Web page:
- CM processes will/would have to change if information is really “web based”. Do we store the things we look at but don’t want others to see separately, or just keep that information in our heads? (I always have a file that looks a little like the red, green, yellow process I pick on to keep my own notes on individual and group stakeholder motivation).
- What would be the reason for having a public forum? (In the case of the soccer team it could be as a place to share all of the information that might otherwise fly around in emails. The same could be said for the organizational version).
- If you build it will they come? (hint the answer is not so much).
A portal could replace spreadsheets (or another type of file) or it could be twice the amount of work for the change team. Where is the balance between transparency/information and secure storage/note taking? Thinking this through with soccer as a comparison has me wondering about some assumptions we are making about change management’s engagement process and exchange of data.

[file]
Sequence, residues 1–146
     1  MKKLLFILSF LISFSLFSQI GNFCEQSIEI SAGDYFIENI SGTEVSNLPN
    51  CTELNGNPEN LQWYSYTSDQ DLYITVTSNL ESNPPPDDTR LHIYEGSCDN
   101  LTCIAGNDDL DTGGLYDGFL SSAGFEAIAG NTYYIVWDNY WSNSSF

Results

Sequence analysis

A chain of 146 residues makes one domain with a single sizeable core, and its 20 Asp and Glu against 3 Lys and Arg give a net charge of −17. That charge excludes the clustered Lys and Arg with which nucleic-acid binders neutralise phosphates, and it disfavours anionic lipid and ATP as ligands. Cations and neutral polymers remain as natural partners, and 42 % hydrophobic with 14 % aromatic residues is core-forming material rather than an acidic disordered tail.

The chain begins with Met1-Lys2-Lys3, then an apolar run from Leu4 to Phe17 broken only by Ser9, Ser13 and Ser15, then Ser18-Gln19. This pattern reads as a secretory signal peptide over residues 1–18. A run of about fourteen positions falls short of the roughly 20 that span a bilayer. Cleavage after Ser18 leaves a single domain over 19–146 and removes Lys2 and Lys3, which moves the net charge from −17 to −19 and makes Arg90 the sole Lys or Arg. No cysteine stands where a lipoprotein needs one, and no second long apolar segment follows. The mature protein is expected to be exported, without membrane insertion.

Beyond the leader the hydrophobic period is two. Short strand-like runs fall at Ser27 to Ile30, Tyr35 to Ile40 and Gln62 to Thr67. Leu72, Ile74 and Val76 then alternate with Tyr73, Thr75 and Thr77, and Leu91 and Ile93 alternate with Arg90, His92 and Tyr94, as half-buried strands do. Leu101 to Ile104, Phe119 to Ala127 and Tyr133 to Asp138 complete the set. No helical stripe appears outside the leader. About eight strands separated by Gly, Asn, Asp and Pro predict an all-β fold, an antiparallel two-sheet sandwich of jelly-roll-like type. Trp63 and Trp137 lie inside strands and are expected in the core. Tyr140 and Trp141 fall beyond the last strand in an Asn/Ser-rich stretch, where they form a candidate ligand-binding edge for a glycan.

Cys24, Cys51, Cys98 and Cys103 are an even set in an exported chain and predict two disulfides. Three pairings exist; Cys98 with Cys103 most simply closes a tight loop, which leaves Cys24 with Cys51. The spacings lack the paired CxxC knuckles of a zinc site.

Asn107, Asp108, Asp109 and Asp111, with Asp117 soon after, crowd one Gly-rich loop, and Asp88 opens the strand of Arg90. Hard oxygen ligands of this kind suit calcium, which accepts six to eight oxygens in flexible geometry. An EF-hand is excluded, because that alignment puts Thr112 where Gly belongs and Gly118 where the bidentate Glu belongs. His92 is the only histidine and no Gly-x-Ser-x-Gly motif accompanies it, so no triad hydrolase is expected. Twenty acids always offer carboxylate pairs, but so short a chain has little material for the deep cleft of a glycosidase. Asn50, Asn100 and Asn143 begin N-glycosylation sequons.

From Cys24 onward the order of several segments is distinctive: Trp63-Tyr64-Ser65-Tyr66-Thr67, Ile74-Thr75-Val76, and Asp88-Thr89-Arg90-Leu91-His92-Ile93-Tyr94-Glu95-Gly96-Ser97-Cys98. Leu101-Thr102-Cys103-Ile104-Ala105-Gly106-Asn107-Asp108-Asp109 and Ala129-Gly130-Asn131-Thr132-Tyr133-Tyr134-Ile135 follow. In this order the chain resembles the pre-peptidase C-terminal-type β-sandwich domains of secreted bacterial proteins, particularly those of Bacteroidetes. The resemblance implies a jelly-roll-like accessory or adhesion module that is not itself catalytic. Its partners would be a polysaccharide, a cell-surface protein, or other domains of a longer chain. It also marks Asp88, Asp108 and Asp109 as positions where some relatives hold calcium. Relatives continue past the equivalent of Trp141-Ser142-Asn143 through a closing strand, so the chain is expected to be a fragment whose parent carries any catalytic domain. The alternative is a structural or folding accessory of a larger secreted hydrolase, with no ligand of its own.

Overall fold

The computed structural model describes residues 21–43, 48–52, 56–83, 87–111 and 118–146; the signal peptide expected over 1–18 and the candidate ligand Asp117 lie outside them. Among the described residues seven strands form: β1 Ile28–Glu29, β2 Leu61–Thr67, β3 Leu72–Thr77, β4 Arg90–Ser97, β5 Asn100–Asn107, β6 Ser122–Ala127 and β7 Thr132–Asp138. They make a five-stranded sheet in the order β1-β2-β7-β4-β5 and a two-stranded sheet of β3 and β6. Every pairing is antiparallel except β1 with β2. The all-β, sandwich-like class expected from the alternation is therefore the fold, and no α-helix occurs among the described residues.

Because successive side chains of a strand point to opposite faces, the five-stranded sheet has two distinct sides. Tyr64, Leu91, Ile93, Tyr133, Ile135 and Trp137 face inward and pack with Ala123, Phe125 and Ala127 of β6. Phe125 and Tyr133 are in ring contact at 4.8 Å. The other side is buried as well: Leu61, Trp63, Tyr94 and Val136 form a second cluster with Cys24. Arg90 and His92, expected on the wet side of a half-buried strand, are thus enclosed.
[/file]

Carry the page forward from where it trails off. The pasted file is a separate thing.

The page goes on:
If you are a true consultant with the ability to see the impossible-possible, disillusionment can often overpower you.
There is nothing more frustrating than seeing obvious solutions (however gargantuan the effort to get to obvious might be) and knowing there is really no way to get there. Too much relies on others. Organizational structures are built to resist change. It is difficult to get the ear of the change owner and even more troublesome to try to get their voice. This can leave a consultant pretty disillusioned.
But then we sit down together as peers (as I did yesterday with a fresh new acquaintance with a resume very different, but much the same, as mine) and just talk it all out. We moan first, usually, about all of the things (and yes people) that have gotten in the way of solutions with our work. We talk about bad tools, poor governance, crazy overwhelming risk models. We basically throw all the disillusion on the table.
Which, yesterday is a good example, is a great way to get to wonderful!